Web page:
On the production side, a new generation of farmers and orchardists has been a major factor in revitalizing the industry. A good example of this “new blood” is Josh Morgenthau. Shortly after finishing college, Morgenthau returned to Fishkill Farms, in Hopewell Junction (Dutchess County), where his family has been farming and growing apples since 1913. Morgenthau quickly began to take an active role in managing the farm, planting new orchards, and turning it into one of the region’s most successful farm operations. In the process, Morgenthau studied the history of the region and researched historic texts on New York apples. In the reinvigorated orchards he eventually planted heirloom varieties, including Newtown Pippin, Esopus Spitzenburg and Northern Spy, and, as he continued to experiment with cidermaking, he planted more cider-friendly, bittersweet apple varieties that offered higher tannins, including Dabinett, Yarlington Mill, Porter’s Perfection, Ashmead’s Kernel and Hyslop Crab.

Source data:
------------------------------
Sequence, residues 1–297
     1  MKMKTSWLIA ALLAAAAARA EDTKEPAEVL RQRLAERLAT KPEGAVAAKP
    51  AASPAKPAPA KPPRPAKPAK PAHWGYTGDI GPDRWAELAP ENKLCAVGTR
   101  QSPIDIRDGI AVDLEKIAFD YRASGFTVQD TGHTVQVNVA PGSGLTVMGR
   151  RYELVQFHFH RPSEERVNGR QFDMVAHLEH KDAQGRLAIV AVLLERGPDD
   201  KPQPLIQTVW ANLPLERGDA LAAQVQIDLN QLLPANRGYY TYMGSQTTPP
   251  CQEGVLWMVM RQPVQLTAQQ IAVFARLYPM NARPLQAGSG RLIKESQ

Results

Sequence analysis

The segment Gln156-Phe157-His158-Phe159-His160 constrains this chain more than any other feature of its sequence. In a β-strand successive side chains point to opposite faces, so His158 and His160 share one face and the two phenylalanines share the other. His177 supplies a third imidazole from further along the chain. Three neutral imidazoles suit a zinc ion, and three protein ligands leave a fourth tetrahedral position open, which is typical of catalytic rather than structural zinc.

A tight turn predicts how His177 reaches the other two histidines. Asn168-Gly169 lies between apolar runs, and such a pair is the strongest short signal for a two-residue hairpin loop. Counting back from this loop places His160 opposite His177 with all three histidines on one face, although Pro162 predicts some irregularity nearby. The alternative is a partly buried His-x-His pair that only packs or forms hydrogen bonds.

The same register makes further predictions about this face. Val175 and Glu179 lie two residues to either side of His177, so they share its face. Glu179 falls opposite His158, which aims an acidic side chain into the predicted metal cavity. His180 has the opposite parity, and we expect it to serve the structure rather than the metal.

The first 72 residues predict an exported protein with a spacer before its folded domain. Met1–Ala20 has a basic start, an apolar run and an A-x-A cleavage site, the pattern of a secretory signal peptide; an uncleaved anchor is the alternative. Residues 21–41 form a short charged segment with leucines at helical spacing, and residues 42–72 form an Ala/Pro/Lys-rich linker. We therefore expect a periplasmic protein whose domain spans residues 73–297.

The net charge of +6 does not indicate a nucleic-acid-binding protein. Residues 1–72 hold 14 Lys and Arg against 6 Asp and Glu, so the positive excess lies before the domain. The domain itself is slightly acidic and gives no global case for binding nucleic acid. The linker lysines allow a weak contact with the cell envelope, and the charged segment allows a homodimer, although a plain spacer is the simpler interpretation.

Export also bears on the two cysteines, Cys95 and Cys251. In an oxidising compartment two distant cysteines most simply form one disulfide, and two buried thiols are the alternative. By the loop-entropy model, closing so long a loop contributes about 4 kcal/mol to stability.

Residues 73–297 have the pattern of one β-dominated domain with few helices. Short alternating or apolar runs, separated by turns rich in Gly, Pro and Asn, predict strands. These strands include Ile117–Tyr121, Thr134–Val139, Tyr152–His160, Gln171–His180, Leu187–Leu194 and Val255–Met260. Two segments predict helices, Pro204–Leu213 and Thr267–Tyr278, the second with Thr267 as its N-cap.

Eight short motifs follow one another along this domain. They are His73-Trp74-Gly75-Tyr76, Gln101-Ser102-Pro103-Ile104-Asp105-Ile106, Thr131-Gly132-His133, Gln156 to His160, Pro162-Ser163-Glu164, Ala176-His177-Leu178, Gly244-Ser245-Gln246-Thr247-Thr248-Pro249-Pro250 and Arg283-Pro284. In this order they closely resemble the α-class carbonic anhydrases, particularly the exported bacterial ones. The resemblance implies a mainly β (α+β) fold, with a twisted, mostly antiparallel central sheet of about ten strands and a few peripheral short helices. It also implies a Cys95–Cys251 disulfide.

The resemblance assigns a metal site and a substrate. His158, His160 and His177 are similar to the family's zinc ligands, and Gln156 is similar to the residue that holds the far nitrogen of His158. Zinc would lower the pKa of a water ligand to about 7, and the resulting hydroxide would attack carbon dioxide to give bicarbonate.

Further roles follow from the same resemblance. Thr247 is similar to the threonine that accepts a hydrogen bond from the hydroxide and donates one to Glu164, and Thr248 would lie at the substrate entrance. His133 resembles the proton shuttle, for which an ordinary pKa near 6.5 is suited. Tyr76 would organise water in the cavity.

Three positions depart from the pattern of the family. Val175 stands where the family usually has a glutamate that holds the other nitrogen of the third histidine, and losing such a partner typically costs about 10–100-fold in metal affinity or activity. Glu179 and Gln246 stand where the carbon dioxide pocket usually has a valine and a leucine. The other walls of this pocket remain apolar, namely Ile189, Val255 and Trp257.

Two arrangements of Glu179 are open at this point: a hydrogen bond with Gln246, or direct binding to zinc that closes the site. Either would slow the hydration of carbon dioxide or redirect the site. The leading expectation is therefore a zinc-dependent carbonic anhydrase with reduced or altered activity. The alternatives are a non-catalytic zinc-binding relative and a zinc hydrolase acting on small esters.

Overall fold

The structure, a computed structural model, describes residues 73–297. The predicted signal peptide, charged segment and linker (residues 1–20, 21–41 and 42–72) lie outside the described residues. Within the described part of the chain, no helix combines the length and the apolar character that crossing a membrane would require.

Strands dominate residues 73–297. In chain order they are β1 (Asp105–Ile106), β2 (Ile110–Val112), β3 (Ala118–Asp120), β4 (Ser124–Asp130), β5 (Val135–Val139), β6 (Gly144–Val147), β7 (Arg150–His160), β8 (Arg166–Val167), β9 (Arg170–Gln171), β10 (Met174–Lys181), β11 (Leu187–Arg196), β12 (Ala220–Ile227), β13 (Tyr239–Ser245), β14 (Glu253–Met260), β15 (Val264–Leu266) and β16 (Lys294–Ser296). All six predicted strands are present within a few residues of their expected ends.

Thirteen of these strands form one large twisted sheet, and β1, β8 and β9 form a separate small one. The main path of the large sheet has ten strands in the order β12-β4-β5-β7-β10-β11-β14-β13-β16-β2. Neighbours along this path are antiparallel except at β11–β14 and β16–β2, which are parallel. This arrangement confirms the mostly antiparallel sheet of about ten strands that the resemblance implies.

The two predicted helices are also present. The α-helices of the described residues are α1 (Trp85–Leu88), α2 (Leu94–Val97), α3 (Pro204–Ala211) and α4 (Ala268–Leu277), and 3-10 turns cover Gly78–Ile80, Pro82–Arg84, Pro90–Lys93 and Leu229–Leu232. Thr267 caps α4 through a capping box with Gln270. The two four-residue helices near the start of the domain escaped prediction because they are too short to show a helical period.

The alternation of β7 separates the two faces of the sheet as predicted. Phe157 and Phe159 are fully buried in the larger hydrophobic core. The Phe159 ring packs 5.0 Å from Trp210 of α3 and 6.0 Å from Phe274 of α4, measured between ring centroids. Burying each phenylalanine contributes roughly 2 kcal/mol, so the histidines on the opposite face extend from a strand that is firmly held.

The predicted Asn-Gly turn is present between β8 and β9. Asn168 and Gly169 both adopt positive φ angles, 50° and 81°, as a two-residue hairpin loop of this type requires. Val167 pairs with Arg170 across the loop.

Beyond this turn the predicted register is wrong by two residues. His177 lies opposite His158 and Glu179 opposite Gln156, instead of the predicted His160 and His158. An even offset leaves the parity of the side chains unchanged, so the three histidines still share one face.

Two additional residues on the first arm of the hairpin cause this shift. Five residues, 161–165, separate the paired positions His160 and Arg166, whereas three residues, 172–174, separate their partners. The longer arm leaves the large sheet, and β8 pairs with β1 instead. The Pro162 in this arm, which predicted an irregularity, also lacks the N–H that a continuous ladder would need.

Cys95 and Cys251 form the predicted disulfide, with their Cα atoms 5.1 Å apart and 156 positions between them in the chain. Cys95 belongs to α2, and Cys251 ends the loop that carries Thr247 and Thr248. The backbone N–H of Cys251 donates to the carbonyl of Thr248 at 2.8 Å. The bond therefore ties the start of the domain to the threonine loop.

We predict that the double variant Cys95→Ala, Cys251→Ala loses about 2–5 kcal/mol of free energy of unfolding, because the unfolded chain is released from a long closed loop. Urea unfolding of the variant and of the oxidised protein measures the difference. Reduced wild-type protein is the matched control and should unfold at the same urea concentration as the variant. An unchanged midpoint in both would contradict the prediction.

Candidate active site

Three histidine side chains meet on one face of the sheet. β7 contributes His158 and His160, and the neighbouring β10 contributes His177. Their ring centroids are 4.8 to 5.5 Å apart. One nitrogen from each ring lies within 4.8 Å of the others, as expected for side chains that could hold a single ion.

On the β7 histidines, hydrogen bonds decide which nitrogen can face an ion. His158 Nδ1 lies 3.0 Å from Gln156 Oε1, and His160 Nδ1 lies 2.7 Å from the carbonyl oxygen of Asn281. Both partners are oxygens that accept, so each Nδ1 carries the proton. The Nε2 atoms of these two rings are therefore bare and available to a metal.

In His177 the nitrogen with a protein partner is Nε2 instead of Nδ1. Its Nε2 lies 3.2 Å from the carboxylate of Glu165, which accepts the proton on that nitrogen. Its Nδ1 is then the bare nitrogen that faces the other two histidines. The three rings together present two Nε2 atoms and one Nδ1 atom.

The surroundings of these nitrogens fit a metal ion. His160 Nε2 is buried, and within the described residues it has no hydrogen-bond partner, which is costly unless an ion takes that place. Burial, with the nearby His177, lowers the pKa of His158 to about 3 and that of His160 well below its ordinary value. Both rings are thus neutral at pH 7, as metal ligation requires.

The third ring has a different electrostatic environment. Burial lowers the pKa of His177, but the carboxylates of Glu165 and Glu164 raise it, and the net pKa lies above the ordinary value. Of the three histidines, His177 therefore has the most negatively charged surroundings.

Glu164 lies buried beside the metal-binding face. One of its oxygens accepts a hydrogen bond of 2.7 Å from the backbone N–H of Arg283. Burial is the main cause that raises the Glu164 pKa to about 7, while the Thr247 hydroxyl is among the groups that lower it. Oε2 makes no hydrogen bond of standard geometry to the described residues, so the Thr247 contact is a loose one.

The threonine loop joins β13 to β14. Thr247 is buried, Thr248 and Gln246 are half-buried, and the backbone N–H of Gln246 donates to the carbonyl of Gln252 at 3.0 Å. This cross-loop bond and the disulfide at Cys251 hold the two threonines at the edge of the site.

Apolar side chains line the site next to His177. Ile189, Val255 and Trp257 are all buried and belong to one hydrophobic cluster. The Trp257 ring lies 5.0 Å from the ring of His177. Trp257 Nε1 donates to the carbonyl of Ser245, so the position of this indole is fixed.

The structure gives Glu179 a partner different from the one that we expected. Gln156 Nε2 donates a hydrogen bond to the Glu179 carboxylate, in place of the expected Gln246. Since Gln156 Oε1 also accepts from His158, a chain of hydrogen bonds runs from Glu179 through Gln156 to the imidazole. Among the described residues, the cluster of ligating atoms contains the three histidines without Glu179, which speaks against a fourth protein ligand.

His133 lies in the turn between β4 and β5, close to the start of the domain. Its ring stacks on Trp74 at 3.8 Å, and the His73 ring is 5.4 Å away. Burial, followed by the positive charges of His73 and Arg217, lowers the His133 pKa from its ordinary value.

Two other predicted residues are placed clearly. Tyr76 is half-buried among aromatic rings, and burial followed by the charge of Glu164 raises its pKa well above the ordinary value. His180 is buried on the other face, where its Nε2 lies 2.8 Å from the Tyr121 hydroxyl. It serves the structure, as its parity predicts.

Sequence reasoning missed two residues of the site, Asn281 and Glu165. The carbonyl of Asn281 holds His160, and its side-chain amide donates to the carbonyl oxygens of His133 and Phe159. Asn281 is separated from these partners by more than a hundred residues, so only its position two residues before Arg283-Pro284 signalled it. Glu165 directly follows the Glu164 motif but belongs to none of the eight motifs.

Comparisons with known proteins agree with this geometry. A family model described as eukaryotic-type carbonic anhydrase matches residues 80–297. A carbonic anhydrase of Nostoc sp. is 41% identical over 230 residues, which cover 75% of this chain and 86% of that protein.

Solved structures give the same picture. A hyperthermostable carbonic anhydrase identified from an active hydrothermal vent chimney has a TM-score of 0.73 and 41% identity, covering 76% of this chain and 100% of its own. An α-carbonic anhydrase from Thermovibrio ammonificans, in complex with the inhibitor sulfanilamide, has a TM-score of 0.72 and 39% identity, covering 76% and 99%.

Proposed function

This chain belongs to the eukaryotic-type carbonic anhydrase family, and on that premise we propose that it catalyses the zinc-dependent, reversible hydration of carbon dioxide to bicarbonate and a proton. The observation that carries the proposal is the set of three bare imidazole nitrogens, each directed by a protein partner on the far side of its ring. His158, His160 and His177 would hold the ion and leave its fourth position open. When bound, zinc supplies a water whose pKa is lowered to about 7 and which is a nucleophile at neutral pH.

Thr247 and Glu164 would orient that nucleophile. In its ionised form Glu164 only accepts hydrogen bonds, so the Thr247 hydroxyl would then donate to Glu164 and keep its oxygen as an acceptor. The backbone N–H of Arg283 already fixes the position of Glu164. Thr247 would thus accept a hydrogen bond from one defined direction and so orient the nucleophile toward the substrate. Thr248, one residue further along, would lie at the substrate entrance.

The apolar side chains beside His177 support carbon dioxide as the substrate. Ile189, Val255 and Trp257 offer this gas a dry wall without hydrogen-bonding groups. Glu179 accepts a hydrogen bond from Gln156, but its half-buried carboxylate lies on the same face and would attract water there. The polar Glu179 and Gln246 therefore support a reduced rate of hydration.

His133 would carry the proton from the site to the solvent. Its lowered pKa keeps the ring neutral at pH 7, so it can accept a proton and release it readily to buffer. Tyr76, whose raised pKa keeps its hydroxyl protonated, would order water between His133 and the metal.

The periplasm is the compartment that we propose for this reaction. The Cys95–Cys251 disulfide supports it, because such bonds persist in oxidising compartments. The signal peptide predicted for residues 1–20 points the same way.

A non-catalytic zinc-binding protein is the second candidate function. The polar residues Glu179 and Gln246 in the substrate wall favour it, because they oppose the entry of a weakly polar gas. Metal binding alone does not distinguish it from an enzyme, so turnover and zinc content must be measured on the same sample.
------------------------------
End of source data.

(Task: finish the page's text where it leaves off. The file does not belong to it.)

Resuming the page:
It sounds romantic—this small, micro‑production—but it’s masochistic.

Eventually, Morgenthau created the Treasury Cider label (a tribute to the farm’s founder, Henry Morgenthau, Jr., who served as Secretary of the Treasury under President Franklin D. Roosevelt), and released his first commercial cider using Fishkill Farms apples in 2015.

The secret weapon to successful cider, Morgenthau claims, is its terroir. Using a winemaker’s philosophy, he notes how well certain varieties of apples reflect the character of the land and climate and create beverages with honest complexity.